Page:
Okay, I thought, it is truly incredible that the Jays won three games in a row, the way they’ve been playing this year. Mind you, before I left for Seattle early Saturday morning, I’d heard someone on the radio talking about the Jays giving their fans serious credit for their wins.

180804_msvsbluejays_03.jpg

Kinda looks like a home game for the Blue Jays, doesn’t it? But, no, this was Safeco Field in Seattle on Saturday night. A sea of blue. Every year when the Blue Jays come to town, tens of thousands of fans from western Canada descend on Seattle. When there is only one major league baseball team in your country, it tends to become the national team, not the Toronto team. And when you only have one geographically realistic opportunity to see them play each year, you grab it. Which also means Seattle offers the Blue Jays a solid “home-away-from-home team advantage”.

I have to admit part of me was hoping the Jays would lose Saturday night’s game. Partly because I do like the Mariners and I didn’t want them to lose every game in the series, but mainly because I wanted them to have something in reserve for the Sunday afternoon Mike Wallace Memorial Game. I had my doubts that the Jays could take all four games. Then, as we were heading into the ballpark, I spotted not one, but two Jays fans carrying brooms (baseball signal for a predicted clean sweep), at which point I gave up all hope of a win, ’cos those guys had absolutely jinxed it. Idiots.

I didn’t expect a win, nor did I get one. But I did get the ballpark experience. Sunday afternoon, smokie on a bun with mustard and a beer. Fantastic, win or lose. I also got something I wasn’t expecting: a seventh inning stretch including the singing of “God Bless America”. Charlie rolled his eyes, said he hated this. I asked if this was because of Trump. No, said Charlie, it’s since 9/11. I knew that in the aftermath of 9/11 ballparks had started singing this, instead of “Take Me Out to the Ball Game”, but I thought that was long over. I told Charlie I didn’t remember this from any previous game. Only on Sundays now, he told me. Well, of course. What better day than the Lord’s Day to ask God to bless America? Ugh. Fortunately fans were not to be denied their own traditions and Take Me Out to the Ball Game was played – and sung with much more enthusiasm – afterwards. (The minority of Seattle fans in the park singing “So, it’s root, root, root for the Mariners” were of course drowned out by the tens of thousands of voices singing “root, root, root for the Blue Jays.)

Timing has been against us on some of my visits. Robbie, a doctor, comes from a very musical family. (She plays the piano and the viola.) Every summer she and her brother, who plays the cello, go to a music camp for a week in southern Washington state. On more than one occasion, said camp has been at the same time that the Jays are in town, so I only get to see Robbie after she returns on Sunday evening. This was one of those years.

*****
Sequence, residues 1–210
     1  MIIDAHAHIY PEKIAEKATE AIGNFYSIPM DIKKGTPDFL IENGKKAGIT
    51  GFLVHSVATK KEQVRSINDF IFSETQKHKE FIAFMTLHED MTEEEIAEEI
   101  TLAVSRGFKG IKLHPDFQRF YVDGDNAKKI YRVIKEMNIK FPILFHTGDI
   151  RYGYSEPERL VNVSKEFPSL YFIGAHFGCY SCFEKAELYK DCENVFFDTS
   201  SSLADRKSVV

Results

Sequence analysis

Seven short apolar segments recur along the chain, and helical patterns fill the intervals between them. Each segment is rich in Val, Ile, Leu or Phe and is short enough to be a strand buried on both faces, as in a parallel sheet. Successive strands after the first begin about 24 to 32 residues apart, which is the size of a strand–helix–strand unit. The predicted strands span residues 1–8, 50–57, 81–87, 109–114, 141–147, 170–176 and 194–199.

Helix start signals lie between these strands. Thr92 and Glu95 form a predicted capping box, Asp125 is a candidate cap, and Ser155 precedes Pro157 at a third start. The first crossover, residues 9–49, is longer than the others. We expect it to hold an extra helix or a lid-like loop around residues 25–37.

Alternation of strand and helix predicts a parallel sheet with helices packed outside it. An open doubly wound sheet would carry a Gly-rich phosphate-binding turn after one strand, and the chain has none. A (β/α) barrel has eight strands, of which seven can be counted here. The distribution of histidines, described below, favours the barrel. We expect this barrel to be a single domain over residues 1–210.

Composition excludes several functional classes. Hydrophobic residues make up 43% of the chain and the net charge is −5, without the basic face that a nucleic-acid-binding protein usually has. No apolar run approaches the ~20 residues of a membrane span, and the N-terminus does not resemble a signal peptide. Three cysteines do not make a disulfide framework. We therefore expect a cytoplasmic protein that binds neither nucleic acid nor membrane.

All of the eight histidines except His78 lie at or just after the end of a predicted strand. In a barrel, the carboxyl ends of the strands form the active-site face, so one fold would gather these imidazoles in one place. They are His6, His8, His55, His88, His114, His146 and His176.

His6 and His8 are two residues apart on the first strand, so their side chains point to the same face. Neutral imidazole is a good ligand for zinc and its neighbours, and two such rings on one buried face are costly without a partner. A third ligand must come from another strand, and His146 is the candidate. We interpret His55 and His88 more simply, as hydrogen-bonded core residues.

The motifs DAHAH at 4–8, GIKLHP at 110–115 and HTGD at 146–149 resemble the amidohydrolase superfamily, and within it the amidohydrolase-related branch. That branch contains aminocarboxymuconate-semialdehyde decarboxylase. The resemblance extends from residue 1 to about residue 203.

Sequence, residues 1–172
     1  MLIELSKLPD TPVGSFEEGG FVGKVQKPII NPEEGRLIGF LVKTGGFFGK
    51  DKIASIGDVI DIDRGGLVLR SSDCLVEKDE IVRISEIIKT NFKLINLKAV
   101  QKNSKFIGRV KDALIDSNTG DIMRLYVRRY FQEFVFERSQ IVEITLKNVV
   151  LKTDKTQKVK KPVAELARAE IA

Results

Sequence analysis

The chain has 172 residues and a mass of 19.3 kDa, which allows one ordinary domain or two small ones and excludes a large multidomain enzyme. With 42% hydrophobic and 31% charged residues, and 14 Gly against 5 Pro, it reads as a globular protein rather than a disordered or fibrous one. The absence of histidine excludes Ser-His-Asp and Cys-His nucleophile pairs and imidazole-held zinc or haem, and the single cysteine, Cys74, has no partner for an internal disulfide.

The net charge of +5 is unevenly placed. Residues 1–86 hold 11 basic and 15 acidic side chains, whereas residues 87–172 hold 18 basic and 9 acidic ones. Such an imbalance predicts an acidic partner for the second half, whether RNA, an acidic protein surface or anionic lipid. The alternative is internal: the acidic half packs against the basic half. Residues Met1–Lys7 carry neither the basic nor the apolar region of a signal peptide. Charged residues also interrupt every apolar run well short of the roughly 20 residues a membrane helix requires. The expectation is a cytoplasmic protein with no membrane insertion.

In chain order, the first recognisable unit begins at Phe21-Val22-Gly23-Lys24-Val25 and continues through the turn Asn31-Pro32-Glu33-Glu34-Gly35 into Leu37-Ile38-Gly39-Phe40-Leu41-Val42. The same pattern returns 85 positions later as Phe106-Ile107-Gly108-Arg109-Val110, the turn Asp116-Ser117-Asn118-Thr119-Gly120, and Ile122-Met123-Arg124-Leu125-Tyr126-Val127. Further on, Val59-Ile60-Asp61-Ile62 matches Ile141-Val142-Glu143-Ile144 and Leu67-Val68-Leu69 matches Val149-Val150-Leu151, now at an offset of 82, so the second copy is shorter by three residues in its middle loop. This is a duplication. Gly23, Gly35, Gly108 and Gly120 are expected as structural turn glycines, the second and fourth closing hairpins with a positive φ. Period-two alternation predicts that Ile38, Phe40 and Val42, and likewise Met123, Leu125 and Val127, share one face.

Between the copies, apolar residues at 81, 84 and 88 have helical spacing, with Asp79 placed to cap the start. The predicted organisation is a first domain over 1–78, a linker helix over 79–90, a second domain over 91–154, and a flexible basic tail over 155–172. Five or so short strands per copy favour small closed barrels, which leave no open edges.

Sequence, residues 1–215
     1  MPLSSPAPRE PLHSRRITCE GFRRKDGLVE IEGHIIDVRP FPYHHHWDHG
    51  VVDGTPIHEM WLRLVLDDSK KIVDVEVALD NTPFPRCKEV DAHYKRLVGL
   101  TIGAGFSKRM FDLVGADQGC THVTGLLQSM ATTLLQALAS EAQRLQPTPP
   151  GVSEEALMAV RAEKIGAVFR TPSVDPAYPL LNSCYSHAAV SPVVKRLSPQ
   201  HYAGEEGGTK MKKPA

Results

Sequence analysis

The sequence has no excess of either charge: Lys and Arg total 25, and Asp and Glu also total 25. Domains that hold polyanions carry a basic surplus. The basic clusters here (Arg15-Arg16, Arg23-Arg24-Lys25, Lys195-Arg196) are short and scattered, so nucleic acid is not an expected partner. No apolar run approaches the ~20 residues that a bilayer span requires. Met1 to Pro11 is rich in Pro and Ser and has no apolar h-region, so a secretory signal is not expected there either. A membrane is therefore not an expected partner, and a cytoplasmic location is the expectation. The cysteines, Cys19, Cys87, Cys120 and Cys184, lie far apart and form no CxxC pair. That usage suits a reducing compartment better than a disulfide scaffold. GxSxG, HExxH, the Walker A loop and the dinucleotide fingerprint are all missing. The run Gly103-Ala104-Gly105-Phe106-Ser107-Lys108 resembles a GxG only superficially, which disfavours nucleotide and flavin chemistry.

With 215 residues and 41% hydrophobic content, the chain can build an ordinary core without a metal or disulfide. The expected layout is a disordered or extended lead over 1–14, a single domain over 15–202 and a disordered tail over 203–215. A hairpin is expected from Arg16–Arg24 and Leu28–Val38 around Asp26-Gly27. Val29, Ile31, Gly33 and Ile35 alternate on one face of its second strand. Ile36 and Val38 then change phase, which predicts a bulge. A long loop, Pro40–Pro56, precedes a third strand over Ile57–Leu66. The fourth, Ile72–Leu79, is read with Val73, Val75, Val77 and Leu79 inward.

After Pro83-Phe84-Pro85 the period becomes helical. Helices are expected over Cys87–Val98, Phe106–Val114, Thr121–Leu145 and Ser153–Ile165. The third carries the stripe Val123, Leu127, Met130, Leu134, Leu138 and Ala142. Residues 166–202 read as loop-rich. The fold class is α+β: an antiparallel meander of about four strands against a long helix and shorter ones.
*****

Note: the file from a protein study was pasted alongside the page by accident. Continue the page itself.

Before we left for the ball park on Sunday, I asked Charlie what the plans were for dinner. He said he hadn’t made any, but thought it would be good weather for a barbecue. Well, I said, I have a suggestion.

Sometime in the 1980s, on a trip to Italy, Mike had a pasta with clam sauce dinner in a restaurant in Venice. He could not believe how good it was. When asked, of course the restaurant declined to give him the recipe, so he spent the next couple of years painstakingly attempting to recreate the dish. Some of the ingredients were obvious: leeks, clams, butter, lime juice, but the quantities of each had to be established. Even when he was almost there, something was still missing. He eventually concluded the missing ingredient was celery salt.

This became Mike’s party piece. I remember him making it for me not long after we got together. Whenever we stayed with Robbie and Charlie for a weekend, he would make this dish for everyone. As far as I knew the recipe was completely in Mike’s head. I’d certainly never seen it written down. It was a long time since I’d made the dish myself, but I told Charlie I thought I could come up with a close approximation. No need, he said, I have the recipe. Really? Apparently yes. Apparently on one of his visits, they’d asked him to give themt the recipe and he’d done so on a card, which Charlie dug out of a recipe box. Oh, my god, there it was, written down and in Mike’s handwriting!

When we got back from the ball game, Robbie was home from music camp. When Charlie told her my dinner suggestion, she said she thought it was a lovely – and very fitting – idea. Off we went to the supermarket to get the ingredients and then I started cooking.

I’ve heard it said that smell is the sense most likely to trigger memories and this may indeed be true. But I’ll tell you this: taste can do it, too. As soon as I’d swallowed the first mouthful I said, “Oh, my god. Mike.” Robbie and Charlie both looked at me and nodded. It was as if he was in the room with us.

And now I have the recipe. In Mike’s handwriting. Wow.

 

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2 Comments
  1. Irmani Smallwood permalink

    Really loved this piece. Glad you had a good time.